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The article which we reprint from the "Dickinsonian" this morning, touches upon a subject that may in the future become one of the great college questions. It is well worth the reading, for though the subject that caused its publication has little interest to us, yet the question therein shown in so clear a light concerns us as nearly as it ever can Dickinson College. To put the matter in its plainest light it is this: A student finds himself in difficulty, a difficulty which has nothing to do with his studies. The faculty take up the case and try to inform themselves accurately as to the student's position, in order to judge him. This has happened enough within the last five weeks to warrant one in enquiring into the position of the faculty towards such a student, All possible witnesses are interrogated, but, as the "Dickinsonian" says, "it is very seldom that a witness is found who will tell all that he knows." What are the faculty to do? Shall they use their judgment in default of anything else? They have done so lately, and it is safe to say they are not themselves satisfied with what they have done. It should be distinctly remembered that the members of the college are here for scholastic instruction, and as in school the teacher must keep order, so the faculty must use the same secondary care over the outside life of the students. But they are not here to sit in judgment on a man who may commit a fault, to try him, and finally acquit or convict him. But where to make the distinction? here lies the difficulty. As the University is now conducted, they certainly have the right to investigate certain matters, and how are they to tell when the case is proper for their hands and when not?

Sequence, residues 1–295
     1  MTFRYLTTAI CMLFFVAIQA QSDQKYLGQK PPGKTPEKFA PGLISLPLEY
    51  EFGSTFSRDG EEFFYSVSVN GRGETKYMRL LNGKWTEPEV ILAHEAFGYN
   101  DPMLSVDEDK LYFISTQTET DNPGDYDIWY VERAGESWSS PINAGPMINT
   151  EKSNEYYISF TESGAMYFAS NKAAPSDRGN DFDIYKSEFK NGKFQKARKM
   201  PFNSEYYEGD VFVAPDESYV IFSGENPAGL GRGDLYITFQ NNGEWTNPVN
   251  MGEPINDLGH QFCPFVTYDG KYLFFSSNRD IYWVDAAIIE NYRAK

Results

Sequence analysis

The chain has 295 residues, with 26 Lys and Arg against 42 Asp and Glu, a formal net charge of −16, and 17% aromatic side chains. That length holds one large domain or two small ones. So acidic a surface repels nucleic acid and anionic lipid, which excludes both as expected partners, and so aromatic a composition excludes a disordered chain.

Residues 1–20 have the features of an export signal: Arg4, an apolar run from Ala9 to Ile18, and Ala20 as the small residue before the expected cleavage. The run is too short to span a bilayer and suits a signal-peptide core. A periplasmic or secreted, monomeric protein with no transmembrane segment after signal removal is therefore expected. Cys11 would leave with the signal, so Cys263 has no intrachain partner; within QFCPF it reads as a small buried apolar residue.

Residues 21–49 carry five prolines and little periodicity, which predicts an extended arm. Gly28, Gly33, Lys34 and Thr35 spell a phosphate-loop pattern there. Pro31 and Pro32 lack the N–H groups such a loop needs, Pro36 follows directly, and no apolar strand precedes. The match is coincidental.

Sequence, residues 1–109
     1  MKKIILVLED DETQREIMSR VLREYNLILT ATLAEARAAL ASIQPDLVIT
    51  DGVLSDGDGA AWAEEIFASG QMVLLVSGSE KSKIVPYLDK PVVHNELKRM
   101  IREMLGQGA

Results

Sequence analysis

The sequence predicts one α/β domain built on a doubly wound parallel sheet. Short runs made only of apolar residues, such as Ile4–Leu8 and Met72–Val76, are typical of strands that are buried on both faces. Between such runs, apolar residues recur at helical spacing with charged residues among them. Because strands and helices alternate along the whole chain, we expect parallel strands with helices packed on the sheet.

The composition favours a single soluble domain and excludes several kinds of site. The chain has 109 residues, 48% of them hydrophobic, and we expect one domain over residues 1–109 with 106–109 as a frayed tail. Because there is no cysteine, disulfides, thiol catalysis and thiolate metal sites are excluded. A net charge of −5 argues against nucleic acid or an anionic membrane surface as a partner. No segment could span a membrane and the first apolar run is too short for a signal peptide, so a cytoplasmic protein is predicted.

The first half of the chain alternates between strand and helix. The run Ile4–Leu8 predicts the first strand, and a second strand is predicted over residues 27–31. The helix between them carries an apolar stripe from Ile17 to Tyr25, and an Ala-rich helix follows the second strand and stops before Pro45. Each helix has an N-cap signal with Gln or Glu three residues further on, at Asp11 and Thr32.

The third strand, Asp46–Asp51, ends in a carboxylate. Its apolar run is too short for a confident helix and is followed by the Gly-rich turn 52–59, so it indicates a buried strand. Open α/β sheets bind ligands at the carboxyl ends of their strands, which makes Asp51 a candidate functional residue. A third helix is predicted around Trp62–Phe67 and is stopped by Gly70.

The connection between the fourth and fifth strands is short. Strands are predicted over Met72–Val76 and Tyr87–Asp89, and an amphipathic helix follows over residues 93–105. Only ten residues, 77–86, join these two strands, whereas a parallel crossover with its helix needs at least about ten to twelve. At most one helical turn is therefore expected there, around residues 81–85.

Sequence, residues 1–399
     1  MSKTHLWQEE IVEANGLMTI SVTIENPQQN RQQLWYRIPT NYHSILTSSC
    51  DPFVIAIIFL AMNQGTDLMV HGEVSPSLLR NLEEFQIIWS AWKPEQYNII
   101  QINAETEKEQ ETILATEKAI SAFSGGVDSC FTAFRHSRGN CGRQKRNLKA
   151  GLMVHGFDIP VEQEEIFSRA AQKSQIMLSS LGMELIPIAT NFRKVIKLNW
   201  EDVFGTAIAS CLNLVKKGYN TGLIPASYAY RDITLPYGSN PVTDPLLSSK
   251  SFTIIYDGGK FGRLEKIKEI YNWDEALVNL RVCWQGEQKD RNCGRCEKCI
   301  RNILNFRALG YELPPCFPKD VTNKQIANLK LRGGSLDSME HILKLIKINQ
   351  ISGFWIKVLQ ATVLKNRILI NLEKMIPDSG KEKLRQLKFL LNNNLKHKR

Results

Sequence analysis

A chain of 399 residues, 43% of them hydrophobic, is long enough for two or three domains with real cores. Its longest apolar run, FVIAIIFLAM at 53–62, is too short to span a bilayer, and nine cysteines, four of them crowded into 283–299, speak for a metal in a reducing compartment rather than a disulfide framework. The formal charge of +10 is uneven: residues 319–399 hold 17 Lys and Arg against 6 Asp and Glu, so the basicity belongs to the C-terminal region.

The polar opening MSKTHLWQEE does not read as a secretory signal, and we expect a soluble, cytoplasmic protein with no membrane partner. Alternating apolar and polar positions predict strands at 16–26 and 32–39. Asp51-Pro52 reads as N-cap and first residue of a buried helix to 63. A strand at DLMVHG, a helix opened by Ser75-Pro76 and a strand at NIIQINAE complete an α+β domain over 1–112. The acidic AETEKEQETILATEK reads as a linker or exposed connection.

The "Dickinsonian" offers an alternative. First, that witnesses be compelled to give testimony, and secondly, that the faculty give up every care of the students except in scholarship. The first is practically impossible, be cause for one reason, a student who feels that some one is trying to compel him to speak against his will would be all the more likely to refuse, and, also, because then the undergraduates and the instructors are at once pitted against each other in the old hatred which, thanks to the liberalism of recent years, is fast passing away. But the second course. When we come here to college most of us are between nineteen and twenty years of age, and if we are not old enough then to take hold of the world as a man should, it is likely that we never shall be. Why should the faculty have the direction of our action beyond the lecture-room? There must of course always be rules regarding the care of the buildings belonging to the University, but what rules or power beyond that?

The "Dickinsonian" asks if this is impossible. We answer, no; and venture to state further, that at the end of not many years ahead of us Harvard University will become a university in fact. And that it will simply be the care of the faculty to attend to the studies of the students, and to let the rest fall upon the shoulders of the men themselves.

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